Update: On Thursday, February 25, the San Jose City Council followed our recommendation and voted to halt all work on Phase II of the electronic billboards policy. The Council decided to discuss the proposed new initiatives, including Urban Greening and a ban on single-use plastics, at a later date. We will alert you when those issues come up for a vote at the Council.
The San Jose City Council is considering what initiatives should be prioritized over the next year. We’re urging the City Council to drop the effort to encourage electronic billboards and to prioritize both an Urban Greening initiative and a ban on single-use plastics.
No on Electronic Billboards
Several years ago, San Jose city staff began developing a city policy on electronic billboards. Phase I (pertaining to city-owned property) is completed, but Phase II (for private property) is still ongoing. We’re asking the City Council to halt all work on this policy, which would encourage new electronic signs and billboards along freeways and in the Downtown area.
Electronic billboards contribute to light pollution and disrupt the biological cycles of plants and animals. In addition, they are a dangerous distraction for drivers, consume needless energy, and are just plain unattractive. In 2016, we opposed the use of San Mateo County land for billboards along Highways 280, 101 and 92. The same arguments against billboards apply here.
Yes on Urban Greening and Single-Use Plastics Ban
Among the various initiatives the City Council will be considering this week are an Urban Greening Implementation Plan and a ban on single-use plastic products. We’re supporting both of these proposals and asking the City to move forward on developing these initiatives.
Urban Greening means the utilization of green spaces, tree canopy, rain gardens, and bioswales to improve water quality, reduce flooding, and promote biodiversity and climate resilience. San Jose already has policies in many of its existing planning documents that encourage urban greening, but the actual implementation of these policies has been lagging behind. San Jose will be undertaking a massive street repaving program over the next few years, in accordance with bond measures recently approved by the voters; if street trees and bioswales are not included in these projects, critical opportunities to increase urban greenery will be lost. An Urban Greening Implementation Plan is needed in order to ensure that urban greening is prioritized in public works projects.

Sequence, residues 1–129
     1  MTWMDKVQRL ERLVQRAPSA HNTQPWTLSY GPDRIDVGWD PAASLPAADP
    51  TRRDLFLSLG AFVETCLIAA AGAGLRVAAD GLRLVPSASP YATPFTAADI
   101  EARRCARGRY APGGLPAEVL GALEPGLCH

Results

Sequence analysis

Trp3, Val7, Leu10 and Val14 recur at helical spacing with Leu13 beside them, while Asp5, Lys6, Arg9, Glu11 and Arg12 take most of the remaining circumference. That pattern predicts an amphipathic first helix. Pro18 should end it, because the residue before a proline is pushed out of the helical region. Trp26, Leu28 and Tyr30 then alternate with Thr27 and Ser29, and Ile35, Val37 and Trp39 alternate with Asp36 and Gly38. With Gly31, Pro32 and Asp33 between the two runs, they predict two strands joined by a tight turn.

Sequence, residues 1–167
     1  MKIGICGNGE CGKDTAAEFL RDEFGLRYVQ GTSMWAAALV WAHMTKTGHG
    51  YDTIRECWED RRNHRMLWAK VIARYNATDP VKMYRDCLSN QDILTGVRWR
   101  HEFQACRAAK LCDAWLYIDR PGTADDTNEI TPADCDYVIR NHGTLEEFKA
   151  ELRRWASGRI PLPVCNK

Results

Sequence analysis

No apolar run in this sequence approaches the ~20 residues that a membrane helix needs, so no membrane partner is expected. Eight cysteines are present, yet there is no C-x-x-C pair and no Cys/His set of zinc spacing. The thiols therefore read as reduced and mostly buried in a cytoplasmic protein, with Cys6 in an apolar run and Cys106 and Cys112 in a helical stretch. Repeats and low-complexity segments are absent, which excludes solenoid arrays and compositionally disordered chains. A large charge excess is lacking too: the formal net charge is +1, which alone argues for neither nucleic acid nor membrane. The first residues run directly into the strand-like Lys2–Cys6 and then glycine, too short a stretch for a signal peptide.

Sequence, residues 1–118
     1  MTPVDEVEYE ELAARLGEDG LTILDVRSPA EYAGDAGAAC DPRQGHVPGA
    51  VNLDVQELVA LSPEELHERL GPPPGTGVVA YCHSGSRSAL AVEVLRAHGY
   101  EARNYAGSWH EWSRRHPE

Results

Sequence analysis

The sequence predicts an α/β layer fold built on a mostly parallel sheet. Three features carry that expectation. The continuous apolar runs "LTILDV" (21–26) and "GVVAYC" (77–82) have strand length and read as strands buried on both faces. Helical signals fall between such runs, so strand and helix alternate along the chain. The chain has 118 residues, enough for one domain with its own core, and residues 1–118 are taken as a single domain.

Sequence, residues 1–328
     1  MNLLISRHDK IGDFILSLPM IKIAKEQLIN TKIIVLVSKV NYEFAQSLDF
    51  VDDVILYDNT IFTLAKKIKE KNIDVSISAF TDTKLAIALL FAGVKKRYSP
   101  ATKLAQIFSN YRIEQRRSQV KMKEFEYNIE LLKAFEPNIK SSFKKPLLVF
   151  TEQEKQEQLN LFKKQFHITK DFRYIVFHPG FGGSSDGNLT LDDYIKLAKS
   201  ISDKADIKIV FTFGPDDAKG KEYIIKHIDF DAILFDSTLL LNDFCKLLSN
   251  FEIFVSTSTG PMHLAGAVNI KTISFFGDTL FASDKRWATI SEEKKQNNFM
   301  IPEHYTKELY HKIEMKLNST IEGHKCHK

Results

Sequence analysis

Several years ago, San Jose passed bans on plastic grocery bags and styrofoam takeout containers. The next logical step — exploring possible bans on other single-use plastic items such as drink cups and plastic utensils — has been on the “backlog” list for some time. Plastic items frequently wind up in our creeks and waterways, where they can be flushed into the Bay and ultimately into the Pacific Ocean, causing irreparable harm to wildlife and to the health of all our water bodies. We’re urging the City to begin work to explore banning single-use plastic items.
Should the City Council vote to prioritize Urban Greening and a ban on single-use plastics, City staff will begin working to develop these initiatives. We will alert you as to future opportunities to support these plans.